Suicide Squad review: Falling far short of expectations |

Suicide Squad review: Falling far short of expectations

This image released by Warner Bros. Pictures shows, from left, Jai Courtney as Boomerang, Margot Robbie as Harley Quinn, Will Smith as Deadshot, Karen Fukuhara as Katana, Joel Kinnaman as Rick Flag, Adewale Akinnuoye-Agbaje as Killer Croc and Jay Hernandez as Diablo, in a scene from "Suicide Squad." (Clay Enos/Warner Bros. Pictures via AP)
AP | Warner Bros. Pictures


*1/2 (C-)

Directed By David Ayer

Starring Will Smith, Jared Leto, Margot Robbie, Jaime

FitzSimons, Joel Kinnaman, Viola Davis, Jay Hernandez, Adewale Akinnuoye-Agbaje

Paramount, PG-13, Action, Fantasy, 130 minutes

“We are defenseless when superheroes go rogue, or super villains attack,” argues United States government national security agent Amanda Waller (Viola Davis).

She attempts to solve the problem by drafting a half-dozen meta-humans (the extraordinarily gifted or talented) in a “Dirty Dozen” deal that allows the villains to earn back or keep their freedom by following Waller’s orders.

To oversee the squad’s fieldwork, Waller recruits special ops commander Rick Flag (Joel Kinnaman). She chooses Flag because she can control him absolutely.

Flag’s girlfriend, archeologist June Moone (Cara Delevingne), is possessed by the spirit of an ancient and powerful evil witch that sometimes takes over her body. She’s known as the Enchantress, whose murky look is Goth meets Mayan princess. As June, she loves Flag, whose original assignment was to keep June from doing harm in her Enchantress form.

Waller coerces her conscriptees to do her bidding by implanting an explosive device for which she has the detonator, into each one’s brain.

Aside from June Moone, Waller’s recruits include the gifted marksman Deadshot (Will Smith), the Joker’s (Jared Leto) girlfriend Harley Quinn (Margot Robbie), reptilian hybrid Killer Croc (Adewale Akinnuoye-Agbaje), flame-throwing Diablo (Jay Hernandez) and Boomerang (Jai Courtney), whose talent is the stuff of myths.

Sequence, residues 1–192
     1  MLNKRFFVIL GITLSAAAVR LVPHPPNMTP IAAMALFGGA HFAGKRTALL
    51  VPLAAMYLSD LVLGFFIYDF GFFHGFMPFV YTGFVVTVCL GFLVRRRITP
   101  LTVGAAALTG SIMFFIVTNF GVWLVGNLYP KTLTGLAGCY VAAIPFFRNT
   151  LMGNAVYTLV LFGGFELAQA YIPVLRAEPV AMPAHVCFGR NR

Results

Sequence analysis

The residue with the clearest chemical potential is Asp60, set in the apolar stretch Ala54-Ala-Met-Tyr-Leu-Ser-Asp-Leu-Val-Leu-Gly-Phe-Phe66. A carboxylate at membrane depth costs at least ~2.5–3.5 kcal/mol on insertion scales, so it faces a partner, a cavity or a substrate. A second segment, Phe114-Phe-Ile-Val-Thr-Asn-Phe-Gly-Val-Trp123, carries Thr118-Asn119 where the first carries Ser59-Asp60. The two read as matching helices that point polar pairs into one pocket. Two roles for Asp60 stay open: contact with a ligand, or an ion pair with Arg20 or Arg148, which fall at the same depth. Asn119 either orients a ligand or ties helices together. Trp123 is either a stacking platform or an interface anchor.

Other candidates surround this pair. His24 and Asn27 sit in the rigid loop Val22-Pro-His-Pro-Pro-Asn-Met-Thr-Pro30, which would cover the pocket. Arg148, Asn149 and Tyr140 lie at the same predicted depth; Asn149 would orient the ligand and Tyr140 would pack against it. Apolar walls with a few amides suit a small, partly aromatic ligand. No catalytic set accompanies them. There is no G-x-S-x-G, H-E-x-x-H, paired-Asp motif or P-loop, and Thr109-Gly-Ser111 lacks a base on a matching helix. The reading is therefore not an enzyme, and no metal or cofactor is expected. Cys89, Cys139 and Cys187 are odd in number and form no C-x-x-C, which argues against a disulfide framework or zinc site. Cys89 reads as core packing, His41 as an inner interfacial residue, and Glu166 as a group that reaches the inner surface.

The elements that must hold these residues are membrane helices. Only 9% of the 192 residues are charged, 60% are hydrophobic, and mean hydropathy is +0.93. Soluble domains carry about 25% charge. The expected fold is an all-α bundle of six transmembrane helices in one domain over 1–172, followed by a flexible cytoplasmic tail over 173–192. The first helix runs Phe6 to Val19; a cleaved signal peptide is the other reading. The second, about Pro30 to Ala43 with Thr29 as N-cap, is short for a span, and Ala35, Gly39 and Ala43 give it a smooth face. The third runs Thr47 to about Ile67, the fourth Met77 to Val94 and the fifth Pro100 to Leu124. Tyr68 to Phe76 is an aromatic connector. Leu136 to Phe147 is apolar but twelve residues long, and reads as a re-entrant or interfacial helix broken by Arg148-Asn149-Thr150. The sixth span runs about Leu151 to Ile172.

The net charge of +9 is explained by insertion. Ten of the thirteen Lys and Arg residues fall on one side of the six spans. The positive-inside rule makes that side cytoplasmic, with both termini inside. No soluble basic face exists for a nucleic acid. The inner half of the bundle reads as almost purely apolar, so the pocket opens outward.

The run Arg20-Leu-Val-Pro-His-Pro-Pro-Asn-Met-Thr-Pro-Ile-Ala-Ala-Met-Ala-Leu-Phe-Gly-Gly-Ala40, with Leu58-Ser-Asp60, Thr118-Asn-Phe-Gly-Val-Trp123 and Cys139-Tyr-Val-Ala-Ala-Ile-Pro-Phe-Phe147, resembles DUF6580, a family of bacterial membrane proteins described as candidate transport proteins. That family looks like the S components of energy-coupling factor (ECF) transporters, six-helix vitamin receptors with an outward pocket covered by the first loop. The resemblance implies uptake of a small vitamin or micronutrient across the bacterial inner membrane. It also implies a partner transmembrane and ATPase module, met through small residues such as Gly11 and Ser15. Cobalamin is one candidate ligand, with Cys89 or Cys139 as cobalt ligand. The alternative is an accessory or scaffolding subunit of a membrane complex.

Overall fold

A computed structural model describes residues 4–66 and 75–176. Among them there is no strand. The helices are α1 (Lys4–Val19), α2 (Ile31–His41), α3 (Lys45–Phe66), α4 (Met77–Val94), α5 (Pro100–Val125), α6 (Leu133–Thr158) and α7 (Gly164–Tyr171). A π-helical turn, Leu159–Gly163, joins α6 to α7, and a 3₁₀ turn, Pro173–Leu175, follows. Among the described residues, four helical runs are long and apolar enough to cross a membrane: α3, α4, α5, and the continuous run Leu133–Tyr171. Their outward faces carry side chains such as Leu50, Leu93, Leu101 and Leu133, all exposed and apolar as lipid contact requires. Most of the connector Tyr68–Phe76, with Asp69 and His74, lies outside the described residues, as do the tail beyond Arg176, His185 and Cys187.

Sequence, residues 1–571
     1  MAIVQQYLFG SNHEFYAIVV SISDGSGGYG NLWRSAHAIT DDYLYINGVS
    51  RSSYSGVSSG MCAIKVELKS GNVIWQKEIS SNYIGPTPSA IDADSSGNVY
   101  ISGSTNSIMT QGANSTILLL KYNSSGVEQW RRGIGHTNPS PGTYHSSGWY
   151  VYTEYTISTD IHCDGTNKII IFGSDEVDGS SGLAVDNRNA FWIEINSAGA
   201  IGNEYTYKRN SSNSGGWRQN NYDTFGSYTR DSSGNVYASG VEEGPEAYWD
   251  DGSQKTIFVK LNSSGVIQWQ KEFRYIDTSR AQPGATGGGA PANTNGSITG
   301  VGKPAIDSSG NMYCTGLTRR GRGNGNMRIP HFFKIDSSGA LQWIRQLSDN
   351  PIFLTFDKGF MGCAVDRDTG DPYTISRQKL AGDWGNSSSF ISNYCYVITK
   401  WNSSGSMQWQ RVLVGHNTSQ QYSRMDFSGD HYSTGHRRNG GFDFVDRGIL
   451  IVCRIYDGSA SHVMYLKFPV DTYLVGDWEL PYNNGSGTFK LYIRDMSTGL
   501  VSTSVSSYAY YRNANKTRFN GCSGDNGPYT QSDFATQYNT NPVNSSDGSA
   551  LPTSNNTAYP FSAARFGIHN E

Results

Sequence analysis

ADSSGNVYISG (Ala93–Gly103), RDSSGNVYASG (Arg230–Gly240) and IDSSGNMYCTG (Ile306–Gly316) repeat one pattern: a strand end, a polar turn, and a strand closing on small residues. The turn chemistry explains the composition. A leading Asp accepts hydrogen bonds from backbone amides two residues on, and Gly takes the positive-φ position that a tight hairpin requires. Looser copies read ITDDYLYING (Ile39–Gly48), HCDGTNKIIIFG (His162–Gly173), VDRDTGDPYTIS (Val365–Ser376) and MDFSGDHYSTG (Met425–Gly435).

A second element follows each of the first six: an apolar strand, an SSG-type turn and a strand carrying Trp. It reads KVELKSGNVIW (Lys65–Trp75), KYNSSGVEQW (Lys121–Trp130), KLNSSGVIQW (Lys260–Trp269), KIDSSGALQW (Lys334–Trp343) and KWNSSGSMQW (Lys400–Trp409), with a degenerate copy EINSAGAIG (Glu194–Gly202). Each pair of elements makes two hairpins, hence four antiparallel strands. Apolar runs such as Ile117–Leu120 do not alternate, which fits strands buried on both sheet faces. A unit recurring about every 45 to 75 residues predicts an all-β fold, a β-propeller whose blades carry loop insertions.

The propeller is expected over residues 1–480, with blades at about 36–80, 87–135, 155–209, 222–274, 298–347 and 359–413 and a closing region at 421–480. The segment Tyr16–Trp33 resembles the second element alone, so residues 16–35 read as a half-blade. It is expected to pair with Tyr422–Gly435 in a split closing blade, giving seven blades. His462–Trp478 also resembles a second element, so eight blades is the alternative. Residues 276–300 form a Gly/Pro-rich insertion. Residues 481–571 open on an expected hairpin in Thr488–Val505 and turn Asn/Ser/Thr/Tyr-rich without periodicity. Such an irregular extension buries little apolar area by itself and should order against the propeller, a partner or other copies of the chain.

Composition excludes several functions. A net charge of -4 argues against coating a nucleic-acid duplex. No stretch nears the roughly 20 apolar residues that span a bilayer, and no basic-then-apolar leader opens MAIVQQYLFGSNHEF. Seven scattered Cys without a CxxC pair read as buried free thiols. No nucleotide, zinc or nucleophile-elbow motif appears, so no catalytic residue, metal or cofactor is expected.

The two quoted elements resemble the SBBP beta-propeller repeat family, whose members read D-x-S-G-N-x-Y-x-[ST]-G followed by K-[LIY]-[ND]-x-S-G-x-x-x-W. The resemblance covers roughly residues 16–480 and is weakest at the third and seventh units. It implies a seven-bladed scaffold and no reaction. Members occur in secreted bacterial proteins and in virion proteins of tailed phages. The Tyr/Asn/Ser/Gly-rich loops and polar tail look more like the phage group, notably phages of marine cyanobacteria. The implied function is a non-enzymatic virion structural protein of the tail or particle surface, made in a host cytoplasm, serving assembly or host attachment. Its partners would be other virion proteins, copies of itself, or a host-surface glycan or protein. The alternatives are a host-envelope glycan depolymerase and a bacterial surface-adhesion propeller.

After showing us Waller’s squad members in lockdown, we are treated to an encapsulated version of each one’s former life. Little of it is interesting because its sentimentality and pandering.

With the exception of Waller herself, there is little to fascinate other than Harley and Diablo who are slow-motion trainwrecks you can’t take your eyes off. Smith, whose talent is playing a weary Everyman carrying the world on his shoulders, has almost nothing to work with.

The plot calls for the Suicide Squad members to alternately refuse their orders or kill armies of faceless baddies at an astounding rate, all with no discernible changes to their motivations.

It’s difficult to connect with any of them. The script atones when Flag and his soldiers, feeling under appreciated, gather in a bar where they discover that helping Flag to protect his true love is a cause they can all get behind.

Brilliant action sequences might have pulled this one out of the doldrums, but the battle scenes are confusingly over-edited efforts to feature each performer. Meanwhile, Waller’s unflinching focus and her abnormal moral code, ensure that we want to know more about her.

An excellent sequence depicts Deadshot enjoying a target practice that almost makes amends for the years he’s spent behind bars. Having being given a choice of costumes over their orange prison jumpsuits, we’re flummoxed by Harley’s choice of platform shoes, tiny shorts and a midriff shirt for her crime-fighting costume.

Misjudging what will draw us in, and what might push us away, “Suicide Squad” does little of the former and much of the latter — that’s one way a film can commit suicide.

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